Posted 2 years 23 days ago ago by Admin
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In 2018 I attended the Leonardo Helicopters AW169 initial training course at the OEM’s training facility in Sesto Calende, Italy. Northern Italy in spring—what’s not to love?
WATCH VIDEO OF MY 2018 AW169 TRAINING HERE:
Although both my training and tourist experiences were amazing while I attended the Sesto Calende academy, it was a significant trek to attend a training course so far from home. With all the Leonardo Helicopters being flown in the Western Hemisphere, it seemed to me that there would be significant value in a U.S.-based training academy.
Well, not long after that thought while at the academy in 2018, I was interviewing Paolo Petrosso, VP of Leonardo Helicopters Training-Italy when he pointed to the future by saying, “In the future we are certainly looking to expand our footprint around the globe. One of the key areas we are looking at is AW169 training in the U.S. We certainly need to provide simulation capabilities in the U.S. and North America, and that is something we are looking at right now.”
The future is now
My first training experience with Leonardo Helicopters (AgustaWestland at the time) in the U.S. was back in 2004. I was hired by a large energy company to fly an AW109E helicopter and was sent to the training academy in Philadelphia to complete the AW109E initial training course. At the time, the course pretty much consisted of ground school as well as a couple hours of training in our company aircraft with an Agusta instructor pilot. My, how times have changed.
Fast forward to 2021: Despite the challenges of COVID-19, this past spring Leonardo opened its brand new, state-of-the-art Helicopter Training Academy located on their existing campus in northeast Philadelphia that also includes production, support and administrative functions for the United States. The $80 million facility investment is aimed at providing training services for a growing demand and need for pilots, cabin crews, and maintenance technicians across North and South America.
This past August I visited the new facility to not only write about the new academy for Rotorcraft Pro, but I was also there to attend the week-long AW169 recurrent training course as a pilot.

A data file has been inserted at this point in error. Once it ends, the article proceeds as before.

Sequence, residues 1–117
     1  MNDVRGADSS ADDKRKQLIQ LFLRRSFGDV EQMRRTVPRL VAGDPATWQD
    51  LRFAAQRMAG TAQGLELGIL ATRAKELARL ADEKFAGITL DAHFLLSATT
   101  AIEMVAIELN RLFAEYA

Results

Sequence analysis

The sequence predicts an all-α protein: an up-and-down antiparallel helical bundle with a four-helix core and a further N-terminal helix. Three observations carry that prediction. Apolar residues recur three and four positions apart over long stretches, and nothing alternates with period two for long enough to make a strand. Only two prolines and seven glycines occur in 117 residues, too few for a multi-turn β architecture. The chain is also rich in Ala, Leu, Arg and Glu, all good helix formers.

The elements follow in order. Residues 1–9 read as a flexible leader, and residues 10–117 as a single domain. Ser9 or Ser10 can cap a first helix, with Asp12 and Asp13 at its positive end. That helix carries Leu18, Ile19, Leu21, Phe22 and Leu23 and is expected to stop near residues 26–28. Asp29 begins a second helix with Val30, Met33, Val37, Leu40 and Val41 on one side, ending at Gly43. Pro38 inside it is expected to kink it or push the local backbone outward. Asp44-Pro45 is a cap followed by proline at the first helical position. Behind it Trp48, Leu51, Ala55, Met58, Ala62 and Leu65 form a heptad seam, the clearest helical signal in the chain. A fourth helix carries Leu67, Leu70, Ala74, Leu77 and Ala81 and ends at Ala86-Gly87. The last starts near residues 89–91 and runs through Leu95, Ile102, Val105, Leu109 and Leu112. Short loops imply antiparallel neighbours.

The big picture
In 2019, the Leonardo customer base for the popular AW139 and 169 was continuing to expand and the company recognized that it needed more training capacity in the Western Hemisphere to meet rising demand. The company made a commitment to the industry that it would have a training facility built, opened, and operational in the U.S. by Q1 2021. In the spring of 2020 when the global pandemic hit, one might think that development of the new academy would have suspended, but it did not. Terry Eichman, the U.S. academy’s head of training operations said, “Once COVID hit, we took the opportunity to reprogram our construction team and we pushed into this to achieve one thing (complete the project). And in the first quarter of this year we were fully functional, capable, certified, and delivering training. We are fortunate to have that team, and it’s not lost on me or our organization of that achievement in that time frame.”
The new 63,000 square foot U.S.-based training facility is set up to serve virtually every sector of the industry from which its operators come. Those sectors include air ambulance, law enforcement, military, corporate, and offshore oil support to name a few. Geographically, the academy is located to primarily serve Leonardo operators and clients in the Americas, which includes Canada, the U.S., and Central and South America.
Uniquely, the company does not see training merely as a side product that’s required after purchasing one of its helicopters, but as an extension of a partnership between the OEM and the operator. “Leonardo Customer Support and Training (CS&T) is about valued, long-lasting relationships with our customers and partners. Training is an integral part of the mutual commitment that fills a continued safety performance connection,” said Vittorio Della Bella, Leonardo’s senior vice president of CS&T.